Have you read other novels about the lives of writers or artists? If so, how does Z compare? If not, which writers would you like to read about in novel form?
Join Date: 01/12/12
Join Date: 03/27/13
I've also read a biography of Zelda Fitzgerald by Nancy Milford who is an author I very much enjoy. I felt that it told more of Zelda's story than did Z, which focused more on Scott and his relationships (especially with Hemingway). Another excellent book written by Nancy Milford about a woman writer is Savage Beauty, about Edna St Vincent Millay. I enjoyed it more than I did Z. Regardless, Z is not to be discounted as it has a distinct point of view into the lives of the Fitzgeralds.
Join Date: 10/26/12
Join Date: 03/27/13
Join Date: 10/12/11
Recently, I have read LOVING FRANK, THE PARIS WIFE, and THE AVIATOR'S WIFE. I found all three to be page turners. LOVING FRANK and THE AVIATOR'S WIFE, compelled me to find our more about the characters portrayed in the novels. THE PARIS WIFE reintroduced me to Hemingway's first wife, the love of his life. Although, I think Fowler did a good job with Z, I did not find it a page turner--perhaps it was because of my familiarity with the lives of Zelda and F Scott.
Join Date: 01/31/13
Join Date: 10/06/11
Yes, I read McLain's "The Paris Wife," as several discussion participants have mentioned. Woody Allen's movie "Midnight in Paris" also fits, as do other movies such as "Tom and Viv," a story of T.S. Eliot and Vivienne Haight-Wood. I would say that "Z" is comparable as historical fiction and fact.
Join Date: 04/01/13
I agree with the previous post, "The Paris Wife" and "Midnight in Paris" offer a glimpse into the same world as "Z." The insights of the artist's wife, both Hadley and Zelda, shines a light on the personal stories of some of the authors that were part of a revolutionary period in American letters. It is much harder to engage in hero worship of some of these iconic writers and artists when viewed through the eyes of the wife or friend.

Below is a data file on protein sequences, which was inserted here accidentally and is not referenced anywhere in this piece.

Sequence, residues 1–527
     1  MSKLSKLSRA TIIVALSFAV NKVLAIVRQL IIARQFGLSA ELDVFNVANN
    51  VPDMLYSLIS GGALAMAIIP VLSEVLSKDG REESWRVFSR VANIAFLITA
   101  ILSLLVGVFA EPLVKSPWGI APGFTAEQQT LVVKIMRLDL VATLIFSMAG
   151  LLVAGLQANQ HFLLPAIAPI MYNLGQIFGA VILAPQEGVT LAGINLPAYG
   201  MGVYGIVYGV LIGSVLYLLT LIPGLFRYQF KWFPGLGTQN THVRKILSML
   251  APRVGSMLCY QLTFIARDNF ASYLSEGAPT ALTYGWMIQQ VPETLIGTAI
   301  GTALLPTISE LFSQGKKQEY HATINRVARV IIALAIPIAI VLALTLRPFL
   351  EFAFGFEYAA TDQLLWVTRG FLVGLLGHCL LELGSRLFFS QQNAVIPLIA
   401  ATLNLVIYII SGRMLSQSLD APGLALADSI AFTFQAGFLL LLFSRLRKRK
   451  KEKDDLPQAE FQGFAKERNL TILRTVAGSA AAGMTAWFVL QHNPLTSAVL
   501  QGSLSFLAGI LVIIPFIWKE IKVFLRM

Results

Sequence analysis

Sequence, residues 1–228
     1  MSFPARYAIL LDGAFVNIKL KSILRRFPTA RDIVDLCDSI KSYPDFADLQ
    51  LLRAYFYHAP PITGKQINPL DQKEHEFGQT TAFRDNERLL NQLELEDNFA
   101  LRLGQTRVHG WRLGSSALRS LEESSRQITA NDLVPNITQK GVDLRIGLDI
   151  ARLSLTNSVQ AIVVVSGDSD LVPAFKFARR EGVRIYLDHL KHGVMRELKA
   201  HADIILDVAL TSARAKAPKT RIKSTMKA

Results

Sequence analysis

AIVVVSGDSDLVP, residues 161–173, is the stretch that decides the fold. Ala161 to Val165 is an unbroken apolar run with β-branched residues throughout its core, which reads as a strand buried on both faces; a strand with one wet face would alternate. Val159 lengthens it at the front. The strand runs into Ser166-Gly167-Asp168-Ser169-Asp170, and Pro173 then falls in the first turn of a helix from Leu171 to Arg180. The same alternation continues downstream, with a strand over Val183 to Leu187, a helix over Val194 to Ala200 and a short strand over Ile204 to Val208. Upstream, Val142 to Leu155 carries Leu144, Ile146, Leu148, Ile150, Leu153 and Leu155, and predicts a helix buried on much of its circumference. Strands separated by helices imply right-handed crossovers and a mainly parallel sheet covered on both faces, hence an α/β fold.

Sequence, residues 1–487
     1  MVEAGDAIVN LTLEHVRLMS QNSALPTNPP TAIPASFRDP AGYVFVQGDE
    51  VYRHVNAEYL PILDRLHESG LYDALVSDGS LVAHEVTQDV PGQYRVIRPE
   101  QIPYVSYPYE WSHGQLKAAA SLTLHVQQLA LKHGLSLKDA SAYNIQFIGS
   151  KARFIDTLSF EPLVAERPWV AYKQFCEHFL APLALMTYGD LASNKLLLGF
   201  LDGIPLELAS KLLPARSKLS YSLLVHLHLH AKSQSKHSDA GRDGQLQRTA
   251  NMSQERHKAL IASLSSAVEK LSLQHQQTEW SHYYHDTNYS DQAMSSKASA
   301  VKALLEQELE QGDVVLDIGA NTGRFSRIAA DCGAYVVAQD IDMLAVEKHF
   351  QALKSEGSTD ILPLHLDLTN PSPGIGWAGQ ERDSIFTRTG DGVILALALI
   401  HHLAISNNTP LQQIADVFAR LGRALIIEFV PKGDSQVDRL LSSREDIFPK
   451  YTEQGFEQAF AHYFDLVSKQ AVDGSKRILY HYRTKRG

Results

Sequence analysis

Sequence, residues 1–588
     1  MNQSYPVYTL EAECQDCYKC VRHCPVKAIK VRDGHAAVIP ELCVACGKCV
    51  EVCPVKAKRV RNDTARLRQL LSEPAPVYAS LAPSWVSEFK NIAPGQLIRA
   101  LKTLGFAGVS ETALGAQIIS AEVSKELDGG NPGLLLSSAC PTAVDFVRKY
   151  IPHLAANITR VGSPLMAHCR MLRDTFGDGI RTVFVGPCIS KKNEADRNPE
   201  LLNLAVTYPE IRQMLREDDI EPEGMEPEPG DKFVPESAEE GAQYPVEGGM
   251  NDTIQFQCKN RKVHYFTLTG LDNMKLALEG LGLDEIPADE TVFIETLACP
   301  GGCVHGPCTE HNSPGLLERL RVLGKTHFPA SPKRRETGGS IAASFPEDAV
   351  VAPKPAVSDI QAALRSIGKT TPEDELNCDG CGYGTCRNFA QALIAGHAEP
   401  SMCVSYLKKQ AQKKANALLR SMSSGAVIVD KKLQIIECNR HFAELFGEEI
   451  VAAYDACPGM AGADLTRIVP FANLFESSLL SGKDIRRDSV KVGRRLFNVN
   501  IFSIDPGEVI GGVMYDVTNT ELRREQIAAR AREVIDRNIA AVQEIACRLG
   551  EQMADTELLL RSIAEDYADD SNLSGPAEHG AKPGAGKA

Join Date: 10/06/11
I have read many other books by and about women writers, including the diaries of Sophia Tolstoy and Virginia Woolf and works by Sappho, Susan Sontag, Sylvia Plath, Flannery O'Connor, George Eliot, Simone de Beauvoir, and Gertrude Stein. Amazing women, all of them! Fowler's book is quite different from those I list here because, most obviously, the authors wrote for different reasons (e.g., diaries, poetry, fiction) and with different audiences in mind. Moreover, they were penned by the women themselves. I prefer to read original works by writers rather than books about them, although do read biographies, and I liked Fowler's "Z" a great deal.
Join Date: 04/02/13
Join Date: 07/17/11
As most others have said, Z was an enjoyable book and one that inspires more investigations into the Fitzgeralds or other interesting authors of the time. I found myself compelled to pick up a book about Coco Chanel as I kept "running into her" in these books about Fitzgerald, Hemingway, etc. I like the fictional spin on the people, but then find myself doing a bit of research or more reading into their actual histories.
Join Date: 04/15/11
I have recently read "The Paris Wife" and "Hemingway's Girl" which both dealt with women in the life of Ernest Hemingway and touched on Scott Fitzgerald too. I felt that "Z" did an excellent job of portraying the personal side of Scott & Zelda. It made me want to know even more about them and to read more of their work. In the past I have read many historical novels and this one ranks well. I read all of Irving Stone's various historical biographies and felt that I had at least a small piece of understanding for artists such as Michaelangelo and Van Gogh from his writings. I think "Z" will be able to withstand the test of time.
Join Date: 03/13/12
I liked ashleyb's comment towards the top of this list that perhaps "Z' should have been titled [i]Loving Scott[i] . Years ago I really enjoyed a biography about Vivien Leigh, the actress who played Scarlet O'Hara in Gone with The Wind. Not that there are strong parallels in the two women, but their insecurities and enjoyment of fame are similar.
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